The advantages of youth are advantages for Penn cross country.
This season, Penn cross country has called upon a core of exceptionally strong underclassmen. A large number of the Quakers' scorers at each meet have come from fresher faces — the women have enjoyed contributions from freshmen Isabel Hebner, Annie Zimmer, and Ariana Gardizy, and sophomores Danielle Orie and Niamh Hayes. On the men’s side, sophomore Anthony Russo has been a leader on the course, while classmates Ryan Renken and Daniel Cohen have each pitched in.
It's unusual in college athletics for less experienced underclassmen to be so dominant, but for the Quakers, it can largely be explained by the program's upward-trending recruiting.
“We always talk about how each year, we keep seeing that the talent we bring in is just better and better each year,” junior Colin Daly said. “To us, it’s not a surprise because we think we’re moving in the right direction.”
“As a program, we want to compete at a higher level, but I’d say right now, one of the things with the freshmen is they’re definitely the most talented recruiting class we have, and it’s just a matter of being able to work hard to achieve what they want to achieve.”
It's been said, though, that hard work beats talent only when talent doesn’t work hard. So the responsibility then falls on the upperclassmen to show the younger talent how to work hard.
“It’s exciting because they’re all such phenomenal runners and phenomenal people,” junior Maddie Villalba said. “I get to work hard, and they get to see that and appreciate it, and they work hard too. It’s this reflexive thing: working hard and feeling good and performing well, that I think is really exciting.”
A combination of hard work and talent could prove to catapult Penn cross country even further up the rankings, to try to reach the national stage. In the past three meets, underclassmen have finished well. At the Bison Open in Lewisburg, Pennsylvania, Russo finished second, six seconds behind the winner, with a time of 18:53.1. At the Main Line Invitational in Haverford, Pa., he was again the runner-up with a time of 19:34.2 for the 4-mile race.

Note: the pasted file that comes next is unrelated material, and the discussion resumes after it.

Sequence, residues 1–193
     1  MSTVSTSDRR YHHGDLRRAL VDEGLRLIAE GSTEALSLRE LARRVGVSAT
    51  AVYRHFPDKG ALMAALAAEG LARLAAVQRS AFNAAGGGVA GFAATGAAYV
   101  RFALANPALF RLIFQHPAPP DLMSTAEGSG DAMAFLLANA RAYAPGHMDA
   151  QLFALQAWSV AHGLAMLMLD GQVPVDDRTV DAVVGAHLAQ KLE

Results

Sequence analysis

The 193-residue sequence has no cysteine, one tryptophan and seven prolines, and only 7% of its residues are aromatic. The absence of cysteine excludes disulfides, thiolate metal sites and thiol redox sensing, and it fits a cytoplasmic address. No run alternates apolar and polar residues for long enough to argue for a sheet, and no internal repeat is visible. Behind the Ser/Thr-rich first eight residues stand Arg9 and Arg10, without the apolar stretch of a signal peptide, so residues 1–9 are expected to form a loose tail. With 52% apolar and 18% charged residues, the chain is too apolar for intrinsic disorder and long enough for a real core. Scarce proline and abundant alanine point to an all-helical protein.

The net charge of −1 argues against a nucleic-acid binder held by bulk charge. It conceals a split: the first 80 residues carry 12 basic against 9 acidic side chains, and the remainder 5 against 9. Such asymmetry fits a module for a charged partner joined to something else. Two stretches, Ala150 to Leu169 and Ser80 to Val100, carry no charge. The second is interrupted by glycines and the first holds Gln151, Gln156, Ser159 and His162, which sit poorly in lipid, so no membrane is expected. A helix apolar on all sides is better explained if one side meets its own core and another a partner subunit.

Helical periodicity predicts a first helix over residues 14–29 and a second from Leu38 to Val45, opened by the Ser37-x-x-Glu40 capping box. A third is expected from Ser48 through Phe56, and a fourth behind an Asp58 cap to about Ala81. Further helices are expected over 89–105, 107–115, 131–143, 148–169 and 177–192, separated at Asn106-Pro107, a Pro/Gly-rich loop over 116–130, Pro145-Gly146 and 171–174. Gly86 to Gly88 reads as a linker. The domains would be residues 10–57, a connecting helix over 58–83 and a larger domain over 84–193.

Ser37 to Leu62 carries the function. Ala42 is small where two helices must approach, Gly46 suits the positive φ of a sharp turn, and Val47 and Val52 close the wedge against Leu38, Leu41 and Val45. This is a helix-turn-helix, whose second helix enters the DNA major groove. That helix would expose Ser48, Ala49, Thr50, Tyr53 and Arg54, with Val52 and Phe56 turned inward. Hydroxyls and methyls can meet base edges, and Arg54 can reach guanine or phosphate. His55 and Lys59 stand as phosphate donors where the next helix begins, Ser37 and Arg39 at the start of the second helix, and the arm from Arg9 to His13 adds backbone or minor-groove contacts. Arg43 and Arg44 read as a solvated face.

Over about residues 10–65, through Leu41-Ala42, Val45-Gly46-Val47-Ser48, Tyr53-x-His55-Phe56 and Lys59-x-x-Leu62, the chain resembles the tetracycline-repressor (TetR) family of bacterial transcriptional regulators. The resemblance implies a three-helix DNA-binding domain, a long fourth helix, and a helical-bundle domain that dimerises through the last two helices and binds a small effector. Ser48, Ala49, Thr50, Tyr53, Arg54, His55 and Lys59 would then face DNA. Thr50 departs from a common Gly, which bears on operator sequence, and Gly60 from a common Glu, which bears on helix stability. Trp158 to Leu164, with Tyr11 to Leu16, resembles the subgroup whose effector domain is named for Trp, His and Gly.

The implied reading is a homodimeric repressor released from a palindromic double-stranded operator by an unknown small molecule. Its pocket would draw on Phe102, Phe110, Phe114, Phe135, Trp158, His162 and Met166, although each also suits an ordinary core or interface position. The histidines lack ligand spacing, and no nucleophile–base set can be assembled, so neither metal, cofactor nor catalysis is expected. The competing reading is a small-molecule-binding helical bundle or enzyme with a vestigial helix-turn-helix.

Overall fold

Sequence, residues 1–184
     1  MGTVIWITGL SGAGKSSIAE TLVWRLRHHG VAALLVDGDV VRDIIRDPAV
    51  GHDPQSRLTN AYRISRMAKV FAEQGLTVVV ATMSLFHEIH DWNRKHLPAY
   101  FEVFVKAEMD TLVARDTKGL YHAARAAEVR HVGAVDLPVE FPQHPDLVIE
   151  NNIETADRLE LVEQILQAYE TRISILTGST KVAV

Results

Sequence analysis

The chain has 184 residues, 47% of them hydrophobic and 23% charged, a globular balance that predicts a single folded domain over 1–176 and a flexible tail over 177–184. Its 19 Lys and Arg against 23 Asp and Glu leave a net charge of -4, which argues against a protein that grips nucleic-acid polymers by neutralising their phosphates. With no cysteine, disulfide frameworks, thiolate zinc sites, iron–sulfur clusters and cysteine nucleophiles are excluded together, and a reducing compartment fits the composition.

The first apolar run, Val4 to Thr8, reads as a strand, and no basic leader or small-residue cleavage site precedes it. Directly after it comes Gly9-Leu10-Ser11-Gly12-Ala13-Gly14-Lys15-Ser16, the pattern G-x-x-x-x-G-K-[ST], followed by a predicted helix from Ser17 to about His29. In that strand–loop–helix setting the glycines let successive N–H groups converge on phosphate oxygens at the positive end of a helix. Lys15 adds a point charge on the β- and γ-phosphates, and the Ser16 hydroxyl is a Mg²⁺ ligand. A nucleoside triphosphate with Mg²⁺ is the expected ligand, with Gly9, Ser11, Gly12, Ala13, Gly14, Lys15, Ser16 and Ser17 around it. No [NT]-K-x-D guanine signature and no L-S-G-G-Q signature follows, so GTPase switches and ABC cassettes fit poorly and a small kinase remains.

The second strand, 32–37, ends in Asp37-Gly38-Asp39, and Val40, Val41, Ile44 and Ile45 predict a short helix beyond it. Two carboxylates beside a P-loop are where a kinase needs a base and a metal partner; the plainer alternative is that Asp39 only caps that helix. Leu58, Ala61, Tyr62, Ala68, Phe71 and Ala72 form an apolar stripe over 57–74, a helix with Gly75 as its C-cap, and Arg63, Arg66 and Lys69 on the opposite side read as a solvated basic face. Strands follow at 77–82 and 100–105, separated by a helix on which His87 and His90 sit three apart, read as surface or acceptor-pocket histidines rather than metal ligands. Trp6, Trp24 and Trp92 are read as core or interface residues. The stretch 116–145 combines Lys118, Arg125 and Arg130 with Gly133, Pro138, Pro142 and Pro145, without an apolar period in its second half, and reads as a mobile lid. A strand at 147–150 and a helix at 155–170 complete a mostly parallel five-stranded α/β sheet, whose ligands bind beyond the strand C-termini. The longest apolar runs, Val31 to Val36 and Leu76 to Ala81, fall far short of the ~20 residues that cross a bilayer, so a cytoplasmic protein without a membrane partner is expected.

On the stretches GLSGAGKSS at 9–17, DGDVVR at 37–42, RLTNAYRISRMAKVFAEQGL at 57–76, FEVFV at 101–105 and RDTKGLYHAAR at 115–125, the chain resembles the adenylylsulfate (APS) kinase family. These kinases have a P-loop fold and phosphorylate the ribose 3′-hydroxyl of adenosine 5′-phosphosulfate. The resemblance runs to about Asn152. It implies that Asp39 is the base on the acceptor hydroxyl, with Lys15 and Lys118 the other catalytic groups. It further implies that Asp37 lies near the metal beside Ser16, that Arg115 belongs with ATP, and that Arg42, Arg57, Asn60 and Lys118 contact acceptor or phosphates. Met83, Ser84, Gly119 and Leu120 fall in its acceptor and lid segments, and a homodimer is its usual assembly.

"I’m right where I want to be with my fitness," Russo said in Haverford. With another month of training under his belt, his status near the top of the team should be better cemented with championship season lying ahead.
Renken and Cohen also ran well in the first half of the season. At the Bison Open, the pair finished third and fifth with times of 18:55.6 and 19:01.9. The following meet, the pair took 15th and 12th, respectively.
As for the women, Hayes, Zimmer, and Hebner finished sixth, seventh, and eighth at the Bison Open. Then at Haverford, Hebner ran the fastest out of her Quaker teammates, finishing eighth with a 17:18.3 time for a 3-mile race.
Last year, then-rookie Orie led the women with an eighth-place finish at the Ivy League Heptagonal Championship. She ran a 6k in 21:20.0. She credits much of the team’s success to the influence of upperclassmen runners.
“They told us a lot that what we really have is this great work mentality, and it’s really exciting to be a part of this whole building process, because I know that it’s not coming from only just talent and training hard,” Orie said. “It’s also coming from having really great mentors on the team and I think the upperclassmen really set the stage for that.”
“When you’re competing you’re not really doing it only for yourself, you’re doing it for the girls with you.”
The women and men have both needed younger runners to step up this year in the wake of an unfortunate stretch of injuries plaguing some of the more senior members of the program. With senior captain Karli Visconto sidelined for the former and senior Kevin Monogue and junior Will Daly set to make their season debut this weekend for the latter, a greater burden than usual was put on Penn's underclassmen this fall.
Despite the steep learning curve, though, they look poised to make a splash come championship season in the next few weeks.